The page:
THE struggle to figure a way forward continues. The fire-fighting approach is the order of the day. Despite the various economic policy directions by the government, there is lack of clarity on where the country’s economy is going.
develop me: Tapiwa Gomo
We do not know if we are establishing a new economic base or repairing the old one. The government’s long-term vision seems to be blurred by the desire to secure quick fixes and reduce dissent among the population. As a result, there has been a mix of seriousness and politicking on the government side, underlined by discernible desperation.
The men and women on the streets and in the villages are yet to feel the impact of the ambitious raft of policies introduced by the government. Establishing a new economy or rebuilding the old one will obviously take some time, but the people need to be put in that frame of mind so they can be realistic with their own expectations.
Notwithstanding the urgent need to address the symptoms of the current economic rot, it is vital to understand where we are today in relation to where we are coming from. This understanding must inform how we prioritise our approach on whether we are rebuilding or establishing a new economic base. As it is, we seem to be pursuing both and yet the factors that underpinned the previous economy have significantly shifted.
In 1980, the post-independence leadership inherited a well-functioning agro-based economy – the second biggest in Africa. Thus, as Zimbabweans, we have never created and established an economy of our own. We lack that experience – which is why we struggle to take off after destroying what was left by the former establishment. The economy we inherited was not only a product of sound economic policies, but largely a political decision premised on establishing a self-contained economy as a reaction to the sanctions imposed on Rhodesia by the British government and its allies.
There are important lessons to draw from the rise of the Rhodesian economy and its ability to maintain sustainability in the face of global isolation. The first lesson is that determination sees no excuses like the way our leaders pine and prattle over sanctions. This is linked to the second lesson, where we see the role of both shrewd political decisions and economics in the establishment of a solid economic base. A sound and solid economy is neither an outcome of randomness nor accident, but is based on a well-planned, defined strategic thrust on what industries to prioritise by the political leadership. Economic growth is largely an outcome of political decisions.
In the case of Rhodesia, after the Unilateral Declaration of Independence in 1965, the British government cut ties with the country. This included halting trade, removal from the Sterling area and Commonwealth preference system; and denying Rhodesia access to Britain’s capital markets. The Rhodesian government responded by re-organising its economy. They prioritised agriculture, mainly food production to sustain domestic consumption. To achieve that, they further re-organised the agricultural sector, including establishing strong incentives for the farmers.
The thinking behind that approach was very simple. The rest of the sectors such as mining, chemical and engineering, construction, civil service, the service industry including the military that was fighting African freedom fighters would thrive if the agriculture sector produced enough food for the nation. A nation can only be healthy and productive when it can affordably feed itself.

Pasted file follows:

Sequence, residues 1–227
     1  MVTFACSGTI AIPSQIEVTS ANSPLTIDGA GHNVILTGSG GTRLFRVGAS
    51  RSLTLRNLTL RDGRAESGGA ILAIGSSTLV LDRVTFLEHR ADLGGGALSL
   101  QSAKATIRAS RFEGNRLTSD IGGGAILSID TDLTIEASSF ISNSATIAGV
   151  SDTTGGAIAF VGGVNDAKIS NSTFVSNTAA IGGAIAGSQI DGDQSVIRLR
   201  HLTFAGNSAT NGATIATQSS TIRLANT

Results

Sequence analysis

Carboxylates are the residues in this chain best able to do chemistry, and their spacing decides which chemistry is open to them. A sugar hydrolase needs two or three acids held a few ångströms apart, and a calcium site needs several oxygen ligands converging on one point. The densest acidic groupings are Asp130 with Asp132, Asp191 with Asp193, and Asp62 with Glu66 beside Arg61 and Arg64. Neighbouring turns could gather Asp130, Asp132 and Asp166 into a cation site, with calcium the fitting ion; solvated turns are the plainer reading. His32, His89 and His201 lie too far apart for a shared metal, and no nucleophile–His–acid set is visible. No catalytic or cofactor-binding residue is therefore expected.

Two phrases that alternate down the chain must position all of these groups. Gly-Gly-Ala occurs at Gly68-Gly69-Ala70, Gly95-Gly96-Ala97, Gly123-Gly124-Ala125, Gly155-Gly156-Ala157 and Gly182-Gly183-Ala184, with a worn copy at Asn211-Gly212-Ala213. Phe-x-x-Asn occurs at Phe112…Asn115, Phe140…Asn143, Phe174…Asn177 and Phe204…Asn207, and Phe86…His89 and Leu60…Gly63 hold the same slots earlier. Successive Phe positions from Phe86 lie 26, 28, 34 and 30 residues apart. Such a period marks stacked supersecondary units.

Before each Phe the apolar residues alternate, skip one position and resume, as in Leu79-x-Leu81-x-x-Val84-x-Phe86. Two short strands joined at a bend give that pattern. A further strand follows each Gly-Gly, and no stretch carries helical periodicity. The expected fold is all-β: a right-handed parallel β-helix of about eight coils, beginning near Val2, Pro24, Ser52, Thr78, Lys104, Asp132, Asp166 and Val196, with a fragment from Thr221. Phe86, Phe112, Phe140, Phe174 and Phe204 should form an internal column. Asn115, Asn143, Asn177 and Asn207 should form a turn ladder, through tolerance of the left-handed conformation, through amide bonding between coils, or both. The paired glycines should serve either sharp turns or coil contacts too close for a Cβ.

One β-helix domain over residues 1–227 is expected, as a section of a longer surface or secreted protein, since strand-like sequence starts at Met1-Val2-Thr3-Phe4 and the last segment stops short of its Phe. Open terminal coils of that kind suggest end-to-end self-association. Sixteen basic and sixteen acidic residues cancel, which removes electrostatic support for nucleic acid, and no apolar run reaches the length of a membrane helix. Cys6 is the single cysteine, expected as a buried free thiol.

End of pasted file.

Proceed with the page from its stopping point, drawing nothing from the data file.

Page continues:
Between 1965 and 1975 rapid growth in agriculture production transformed the economy as it not only supplied food to other sectors, but led to the rise and growth of a vibrant agriculture manufacturing and processing industry. The massive economic opportunities provided by the country’s booming economy attracted thousands of skilled immigrants and ex-servicemen from Europe and the British Commonwealth into different sectors of the economy.
This is worth noting because raw materials such as minerals, rubber and oil and natural resources largely provided the real impetus for the colonisation of Africa, resulting from the industrial revolution and mechanisation of European industries which created an unprecedented demand for natural resources.
Agriculture was not at the top of the priority list. The re-prioritisation of agriculture by the Rhodesian government was triggered by the change in political and economic circumstances. Before 1965, mining was the principal sector of the Rhodesian economy.
While the mining sector played a significant part in Zimbabwe’s previous economy, but the economy remained largely hinged on agriculture. When that economic base was politically tampered with in 2000, the entire economy tumbled. This is how the Rhodesian government had structured their economy and Zimbabwe needs to establish its own economic base.
It may still be agriculture but the thinking around it needs to change to suit the current dynamics and that message needs to be clear to investors than simply saying Zimbabwe is open for business. How much in dollars the country is spending on importing food is an easy sell to any investor because it simply means there is a ready market. Locally produced food and other agricultural products tend to be more affordable than imports and that will have an influence on labour costs and the general cost of living – another selling point to a potential investor.
With these in place, a market will emerge where participants exchange goods and services on terms they find mutually beneficial. Market processes, when freed from State interference, not only produce, distribute and allocate goods and services efficiently, but preserve and promote individual liberty and thus the growth of democracy.
Tapiwa Gomo is a development consultant based in Pretoria, South Africa